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A More Scientific Obesity Test Says: It's Even Worse Than You Think

The widely used Body Mass Index (BMI) is crude and should be replaced; here's a more modern suggestion.

By Andrew GrantAugust 21, 2012 5:00 AM


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Obesity is a major public health threat, yet doctors assess it using a 200-year-old comparison of weight and height called the Body Mass Index, or BMI. In April, researchers Nirav Shah and Eric Braverman revealed BMI’s flaws. They studied 1,400 people and compared their BMI with a definitive measure: body fat percentage, determined by X-ray scans. BMI correctly predicted whether a person was obese (25 percent fat for men, 30 percent for women) just three-fifths of the time, and it was particularly inaccurate for women. The researchers propose changing the BMI obesity threshold (now at 30) to 24 for women, 28 for men. They also advise people to consider a body fat scan and a blood test for the hunger-suppressing hormone leptin.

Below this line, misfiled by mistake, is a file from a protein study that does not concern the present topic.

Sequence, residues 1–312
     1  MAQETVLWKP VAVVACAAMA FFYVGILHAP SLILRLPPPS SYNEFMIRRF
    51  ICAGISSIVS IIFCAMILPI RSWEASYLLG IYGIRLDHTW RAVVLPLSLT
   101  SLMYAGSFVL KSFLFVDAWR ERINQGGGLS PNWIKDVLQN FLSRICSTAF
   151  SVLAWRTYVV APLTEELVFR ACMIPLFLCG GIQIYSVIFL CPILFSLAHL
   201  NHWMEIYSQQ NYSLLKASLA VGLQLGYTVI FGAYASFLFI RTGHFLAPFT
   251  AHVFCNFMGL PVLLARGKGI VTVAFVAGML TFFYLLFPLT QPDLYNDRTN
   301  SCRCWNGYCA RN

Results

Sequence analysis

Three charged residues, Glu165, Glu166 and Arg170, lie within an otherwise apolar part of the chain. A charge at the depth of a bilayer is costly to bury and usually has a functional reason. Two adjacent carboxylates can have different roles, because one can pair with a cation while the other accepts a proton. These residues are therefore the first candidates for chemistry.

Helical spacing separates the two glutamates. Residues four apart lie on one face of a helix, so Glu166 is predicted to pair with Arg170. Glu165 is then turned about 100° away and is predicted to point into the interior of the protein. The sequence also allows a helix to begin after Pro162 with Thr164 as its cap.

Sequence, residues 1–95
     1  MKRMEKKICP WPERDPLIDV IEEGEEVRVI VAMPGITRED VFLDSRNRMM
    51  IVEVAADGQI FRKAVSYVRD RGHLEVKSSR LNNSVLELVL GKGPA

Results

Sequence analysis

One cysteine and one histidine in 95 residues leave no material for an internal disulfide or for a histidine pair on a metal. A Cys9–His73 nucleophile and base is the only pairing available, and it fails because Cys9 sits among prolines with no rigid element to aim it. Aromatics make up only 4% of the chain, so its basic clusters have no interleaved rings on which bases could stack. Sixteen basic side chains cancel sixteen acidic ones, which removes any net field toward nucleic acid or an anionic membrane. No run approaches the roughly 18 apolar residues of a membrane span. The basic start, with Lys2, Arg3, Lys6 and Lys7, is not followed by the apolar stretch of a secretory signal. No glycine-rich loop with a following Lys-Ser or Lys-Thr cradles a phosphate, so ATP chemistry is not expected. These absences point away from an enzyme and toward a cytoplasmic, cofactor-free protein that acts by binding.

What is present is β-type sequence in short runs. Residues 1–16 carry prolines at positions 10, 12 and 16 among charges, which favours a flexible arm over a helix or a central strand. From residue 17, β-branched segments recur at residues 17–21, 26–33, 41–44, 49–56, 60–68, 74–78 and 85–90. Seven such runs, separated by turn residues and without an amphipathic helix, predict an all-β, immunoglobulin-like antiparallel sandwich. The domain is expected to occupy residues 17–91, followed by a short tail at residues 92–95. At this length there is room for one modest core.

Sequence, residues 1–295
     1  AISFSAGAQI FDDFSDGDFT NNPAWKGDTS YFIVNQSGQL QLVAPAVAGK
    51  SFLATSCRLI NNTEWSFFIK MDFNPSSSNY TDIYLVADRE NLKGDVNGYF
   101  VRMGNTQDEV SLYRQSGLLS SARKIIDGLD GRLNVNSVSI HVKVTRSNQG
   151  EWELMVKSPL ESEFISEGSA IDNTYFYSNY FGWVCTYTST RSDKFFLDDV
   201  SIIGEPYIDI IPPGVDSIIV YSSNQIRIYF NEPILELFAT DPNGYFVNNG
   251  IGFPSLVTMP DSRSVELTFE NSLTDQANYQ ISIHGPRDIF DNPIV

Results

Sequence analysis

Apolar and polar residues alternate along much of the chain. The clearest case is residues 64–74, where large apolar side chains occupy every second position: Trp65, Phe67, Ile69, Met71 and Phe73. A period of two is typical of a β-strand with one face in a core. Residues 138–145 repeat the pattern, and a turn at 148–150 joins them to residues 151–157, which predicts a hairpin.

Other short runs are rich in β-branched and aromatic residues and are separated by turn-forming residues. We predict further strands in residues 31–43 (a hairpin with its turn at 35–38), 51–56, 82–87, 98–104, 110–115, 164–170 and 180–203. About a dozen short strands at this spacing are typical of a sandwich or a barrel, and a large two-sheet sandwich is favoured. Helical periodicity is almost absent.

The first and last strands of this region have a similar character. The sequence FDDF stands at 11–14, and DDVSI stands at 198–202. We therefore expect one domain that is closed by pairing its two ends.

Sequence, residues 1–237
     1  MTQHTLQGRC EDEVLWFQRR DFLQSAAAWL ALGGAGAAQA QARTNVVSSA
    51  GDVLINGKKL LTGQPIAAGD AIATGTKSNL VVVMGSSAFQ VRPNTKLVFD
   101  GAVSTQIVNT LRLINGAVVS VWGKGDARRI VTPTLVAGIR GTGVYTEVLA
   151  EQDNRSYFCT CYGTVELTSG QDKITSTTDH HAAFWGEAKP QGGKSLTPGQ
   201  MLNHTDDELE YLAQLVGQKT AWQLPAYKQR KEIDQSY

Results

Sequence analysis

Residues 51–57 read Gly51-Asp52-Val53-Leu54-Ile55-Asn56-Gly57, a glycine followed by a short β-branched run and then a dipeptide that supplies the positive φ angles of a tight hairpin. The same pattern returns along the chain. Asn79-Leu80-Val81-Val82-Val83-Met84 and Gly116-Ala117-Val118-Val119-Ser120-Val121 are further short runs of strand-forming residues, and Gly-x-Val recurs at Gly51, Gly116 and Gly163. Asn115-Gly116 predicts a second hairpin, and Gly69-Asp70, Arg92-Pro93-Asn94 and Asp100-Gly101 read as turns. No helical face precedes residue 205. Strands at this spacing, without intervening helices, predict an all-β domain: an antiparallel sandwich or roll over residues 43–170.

The Consequences

There are 116 million women in the United States.

• According to BMI guidelines, 41.3 million (35.5%) are obese.

• Based on a new study, at least 74.5 million (64.1%) should be deemed obese.

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